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  1. F. Beard

    The question is how much and how quickly. Yves Smith

    The banking system should only be as large as it can exist without government privileges and after the population has been bailed out of all debt to it is the short answer.

    And just the threat that bankers will sabotage the economy to get their way should cause everyone to seriously question why we even need banks.

    1. gordon

      Thanks for that interesting post.

      Another option would be for Euro Govts. either separately or acting together to set up a new Govt.-owned bank, if it looked like lending might be constrained significantly.

  2. proximity1

    They can sell off their risky assets? Fine. Let them sell them, then. In doing so, they’ll discover how valuable those assets are and maybe take the losses they deserve in the process.

    The interested governments should reply: ‘Fine, sell the risky assets. Who’s stopping you anyway?’

    Note to the investment banking industry: MFGlobal wasn’t bailed out. Now your losses are your own to deal with. It’s high time the “hazard” was put back in “moral hazard”.

    1. psychohistorian

      IMO, the moral part of hazard should have been there back in 2008 I am sure that since then the global inherited rich have surely sequestered their wealth in safer positions. Its seems that more of the moral hazard is now on the backs of the public.

      1. proximity1

        psychohistorian says:
        November 2, 2011 at 7:32 pm
        IMO, the moral part of hazard should have been there back in 2008. I am sure that since then the global inherited rich have surely sequestered their wealth in safer positions.

        The key lesson of economics (and the one most consistently lost sight of) is that this supposed safety is always more or less illusory; investments always necessarily entail risks of loss and safety, refuges, hedges, are always relative in their value.

        These and other invaluable insights on how markets really work are brilliantly presented in an award-winning essay by Pierre-Noel GIRAUD, “Le commerce des promesses” (“The Marketplace of Promises” or “The Trade in Promises”),

        Grand Prize winner for Management & Strategy, 2001, and the Turgot Grand Prize for Financial Economics, this book foretold in 2001 the essential circumstances of the market crash(es) since its first appearance. As the author explains, we now have an system of international finance which depends for its actual “regulation” on frequent and catastrophic crashes. Unfortunatelym, no English translation is available at this time.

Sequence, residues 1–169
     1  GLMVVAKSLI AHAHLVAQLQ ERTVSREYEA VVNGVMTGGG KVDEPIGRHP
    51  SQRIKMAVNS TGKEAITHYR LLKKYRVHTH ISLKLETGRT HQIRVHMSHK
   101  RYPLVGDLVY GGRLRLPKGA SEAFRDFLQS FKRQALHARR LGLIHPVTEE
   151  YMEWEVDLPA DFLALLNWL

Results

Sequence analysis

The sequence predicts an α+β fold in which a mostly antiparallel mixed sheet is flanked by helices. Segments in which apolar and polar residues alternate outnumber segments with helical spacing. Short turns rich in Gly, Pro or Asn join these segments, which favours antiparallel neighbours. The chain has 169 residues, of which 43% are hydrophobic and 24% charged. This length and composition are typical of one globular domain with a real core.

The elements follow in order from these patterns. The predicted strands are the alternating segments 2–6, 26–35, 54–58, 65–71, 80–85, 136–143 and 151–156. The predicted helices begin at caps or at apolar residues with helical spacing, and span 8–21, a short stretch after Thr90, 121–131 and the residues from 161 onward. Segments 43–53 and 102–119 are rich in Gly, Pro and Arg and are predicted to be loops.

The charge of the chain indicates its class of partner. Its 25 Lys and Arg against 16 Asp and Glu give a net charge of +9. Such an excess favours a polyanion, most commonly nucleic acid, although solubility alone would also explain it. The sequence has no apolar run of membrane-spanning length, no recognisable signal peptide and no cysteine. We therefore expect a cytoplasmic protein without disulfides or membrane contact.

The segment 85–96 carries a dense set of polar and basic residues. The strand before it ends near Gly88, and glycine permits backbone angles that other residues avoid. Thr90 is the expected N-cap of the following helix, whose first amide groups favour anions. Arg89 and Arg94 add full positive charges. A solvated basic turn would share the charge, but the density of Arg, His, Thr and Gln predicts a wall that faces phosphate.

3. rf

    Do you want the banks to loan these governments money or not? Maybe if they simply stopped rolling over maturities over the next year they would get smaller (just estimating off bloomberg, thats about 750 billion euros).

    Why is this a dishonest way to reduce the size of balance sheets and the need to raise equity? You want the bank to take less risk, then they should stop lending to the PIIGS?

    Of course this all matters little because the risk weight on government debt…

  4. Tom Mc Cool

    Notwithstanding that you have two “Third” points, if the second Third is for the banks to shrink, but they are loss constrained (true) but also demand deficient, how exactly do you suppose they can shrink?
    The riskiest debtors are most unlikely to repay in the short term, those same assets are likely unsaleable and selling the stuff that is par leaves the remainder a much higher risk set of assets. So, if shrink they must, what’s the plan? Divide and conquer?
    Logistically, the hard part of shrinking the banks is the retail network if it is consolidated on a single back office platform. It can be taken apart, but who takes it? De Novo banks? A set of currently smaller banks?

    1. Yves Smith Post author

      The banks are hugely levered and dependent on market funding (US money market funds, for instance). So the shrinkage comes in their assets and their use of market funds, not their deposits. So this should not impact retail branch networks.

      1. DP

        Why any investor would have even a dollar in a U.S. money market fund that isn’t invested 100% in U.S. government securities is beyond me. It is return free risk.

  5. RBHoughton

    I think there is a better approach.

    The main spring of government power is its ability to tax. When tax payments become a matter of choice, as they are with companies operating internationally, governments can only grovel and plead. Then the dynamic becomes ‘you give us ‘n’ dollars or we’ll make life unbearable for you.’ This is not the way to run a country.

    For governments to exercise sovereignty requires they have the ability to tax all their people. International trade is fine and welcome but international companies are clearly not. If ABC Bank, DEF Commodities or XYZ Minerals wish to trade overseas they should incorporate themselves in those foreign jurisdictions, comply with legal requirements of the host government and provide annual audits for its revenue.

    There should be no more subterfuge, no more complex transfers for plausible reasons, no more exemptions from the reasonable requirements of the host country.

    1. Nathanael

      The laws actually mostly work the way you want them to.